Quill and Quire

REVIEWS

« Back to
Book Reviews

How to Become an Accidental Genius

by Elizabeth MacLeod and Frieda Wishinsky; Jenn Playford (ill.)

From Kevlar and Corn Flakes to pacemakers and ice pops, How to Become an Accidental Genius presents a vibrant and brainy compendium of “accidental” innovations from the last 200 years.

Award-winning authors Elizabeth MacLeod and Frieda Wishinsky, who previously teamed up to write A History of Just About Everything, use their examples to emphasize the importance of persistence, flexibility, curiosity, and luck. “Genius is seeing failures and accidents as opportunities,” they stress – and disciples of the hugely popular growth mindset theory will appreciate this theme throughout the book.

Inventions range from the pedestrian (windshield wipers) to the life-saving (penicillin). But perhaps most fascinating of all are the stories of the people who brought us these things. They include Sarah E. Goode, the first African-American woman to receive a patent for an invention (the folding bed), as well as Hedy Lamarr, a Hollywood star who also developed radio signals to help defeat the Nazis in the Second World War.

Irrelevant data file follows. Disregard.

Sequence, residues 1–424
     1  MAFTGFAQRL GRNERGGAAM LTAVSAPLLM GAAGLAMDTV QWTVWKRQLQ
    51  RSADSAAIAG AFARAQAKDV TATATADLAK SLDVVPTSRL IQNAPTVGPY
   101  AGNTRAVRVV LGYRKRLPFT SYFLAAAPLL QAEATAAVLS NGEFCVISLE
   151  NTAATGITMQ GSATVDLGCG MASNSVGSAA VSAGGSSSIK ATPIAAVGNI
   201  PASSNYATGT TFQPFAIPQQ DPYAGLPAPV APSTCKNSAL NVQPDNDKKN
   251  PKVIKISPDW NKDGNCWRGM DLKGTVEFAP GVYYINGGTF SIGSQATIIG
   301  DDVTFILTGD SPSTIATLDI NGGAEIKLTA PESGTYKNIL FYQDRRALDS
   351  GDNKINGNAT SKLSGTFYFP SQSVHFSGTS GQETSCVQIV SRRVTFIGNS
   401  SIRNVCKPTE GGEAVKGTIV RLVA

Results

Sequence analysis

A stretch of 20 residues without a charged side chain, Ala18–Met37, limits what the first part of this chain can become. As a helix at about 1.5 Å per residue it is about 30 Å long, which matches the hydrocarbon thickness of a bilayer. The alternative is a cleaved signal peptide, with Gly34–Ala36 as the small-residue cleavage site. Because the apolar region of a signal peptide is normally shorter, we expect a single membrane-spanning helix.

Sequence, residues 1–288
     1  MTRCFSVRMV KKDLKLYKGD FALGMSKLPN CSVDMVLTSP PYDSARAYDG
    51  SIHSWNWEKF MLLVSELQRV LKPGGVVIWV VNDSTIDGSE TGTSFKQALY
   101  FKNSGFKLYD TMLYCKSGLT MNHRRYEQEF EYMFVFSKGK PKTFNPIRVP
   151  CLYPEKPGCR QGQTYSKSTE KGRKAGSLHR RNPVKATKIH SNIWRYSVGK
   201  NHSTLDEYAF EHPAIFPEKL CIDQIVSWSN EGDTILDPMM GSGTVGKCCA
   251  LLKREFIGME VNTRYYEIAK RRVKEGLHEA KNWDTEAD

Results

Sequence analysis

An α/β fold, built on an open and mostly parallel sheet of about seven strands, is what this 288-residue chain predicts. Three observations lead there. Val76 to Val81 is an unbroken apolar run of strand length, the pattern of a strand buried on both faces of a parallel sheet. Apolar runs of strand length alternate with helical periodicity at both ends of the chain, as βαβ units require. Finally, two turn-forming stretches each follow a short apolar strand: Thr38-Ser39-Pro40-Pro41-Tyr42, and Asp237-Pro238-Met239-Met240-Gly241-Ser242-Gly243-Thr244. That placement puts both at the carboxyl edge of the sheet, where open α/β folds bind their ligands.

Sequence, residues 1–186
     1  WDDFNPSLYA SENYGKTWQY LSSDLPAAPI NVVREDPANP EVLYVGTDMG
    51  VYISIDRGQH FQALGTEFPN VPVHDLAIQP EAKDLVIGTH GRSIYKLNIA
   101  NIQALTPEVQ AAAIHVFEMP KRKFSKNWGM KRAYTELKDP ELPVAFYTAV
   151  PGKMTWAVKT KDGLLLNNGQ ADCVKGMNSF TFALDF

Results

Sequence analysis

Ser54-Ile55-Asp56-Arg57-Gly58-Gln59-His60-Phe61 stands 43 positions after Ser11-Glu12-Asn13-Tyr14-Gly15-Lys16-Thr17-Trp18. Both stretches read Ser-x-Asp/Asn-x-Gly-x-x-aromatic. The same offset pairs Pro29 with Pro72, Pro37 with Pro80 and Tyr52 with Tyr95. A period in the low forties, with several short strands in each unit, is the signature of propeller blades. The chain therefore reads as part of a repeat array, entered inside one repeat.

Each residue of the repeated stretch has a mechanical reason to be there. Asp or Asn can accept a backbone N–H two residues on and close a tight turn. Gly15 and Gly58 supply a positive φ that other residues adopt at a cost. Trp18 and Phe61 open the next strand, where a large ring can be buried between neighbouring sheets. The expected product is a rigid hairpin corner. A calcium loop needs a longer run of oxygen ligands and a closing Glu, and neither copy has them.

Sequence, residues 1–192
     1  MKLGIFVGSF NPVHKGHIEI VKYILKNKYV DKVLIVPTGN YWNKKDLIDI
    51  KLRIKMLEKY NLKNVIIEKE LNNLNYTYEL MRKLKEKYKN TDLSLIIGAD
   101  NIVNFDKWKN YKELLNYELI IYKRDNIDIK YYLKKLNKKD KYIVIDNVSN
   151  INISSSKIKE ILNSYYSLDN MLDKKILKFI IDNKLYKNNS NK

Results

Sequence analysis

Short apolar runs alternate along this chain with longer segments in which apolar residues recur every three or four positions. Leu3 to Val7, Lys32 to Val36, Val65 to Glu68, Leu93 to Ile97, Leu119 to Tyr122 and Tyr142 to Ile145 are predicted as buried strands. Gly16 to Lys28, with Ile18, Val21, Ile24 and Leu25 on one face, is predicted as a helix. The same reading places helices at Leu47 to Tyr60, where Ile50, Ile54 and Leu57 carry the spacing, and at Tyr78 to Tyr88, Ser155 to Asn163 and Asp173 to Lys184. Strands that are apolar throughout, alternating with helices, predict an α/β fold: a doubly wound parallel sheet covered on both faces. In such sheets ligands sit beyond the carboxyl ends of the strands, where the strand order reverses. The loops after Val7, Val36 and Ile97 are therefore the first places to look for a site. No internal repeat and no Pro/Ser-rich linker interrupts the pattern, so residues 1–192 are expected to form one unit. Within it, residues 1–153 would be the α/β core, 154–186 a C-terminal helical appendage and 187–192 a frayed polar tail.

There are inventions inspired by accidents in nature – burrs sticking to his socks gave George de Mestral the idea for Velcro. And inventions with contested beginnings (the Post-it Note). All are richly illustrated and supported with inspirational quotations and sidebar factoids.

Some examples are perhaps less likely to engage young readers: the genesis of the flat-bottom paper bag isn’t exactly the stuff of grand drama. And one or two entries may challenge an adult’s understanding, such as the one on COBOL, a computer programming language developed in the 1950s by Grace Hopper.

But the book concludes on an inspiring note, with a section on teen inventors who have not so accidentally devised the self-separating recycling bin, the EcoTube (which changes carbon dioxide in a car’s exhaust into oxygen and sugar, reducing carbon emissions by up to 50 per cent), and an oil-refining filter that breaks down toxic compounds from oil sands waste.

The book mentions that today only about 10 per cent of U.S. patents go to women – a reminder that there is still work to be done when it comes to getting more women and girls switched onto inventing. Here’s hoping books such as this one help to ignite the curiosity and problem-solving skills of future geniuses.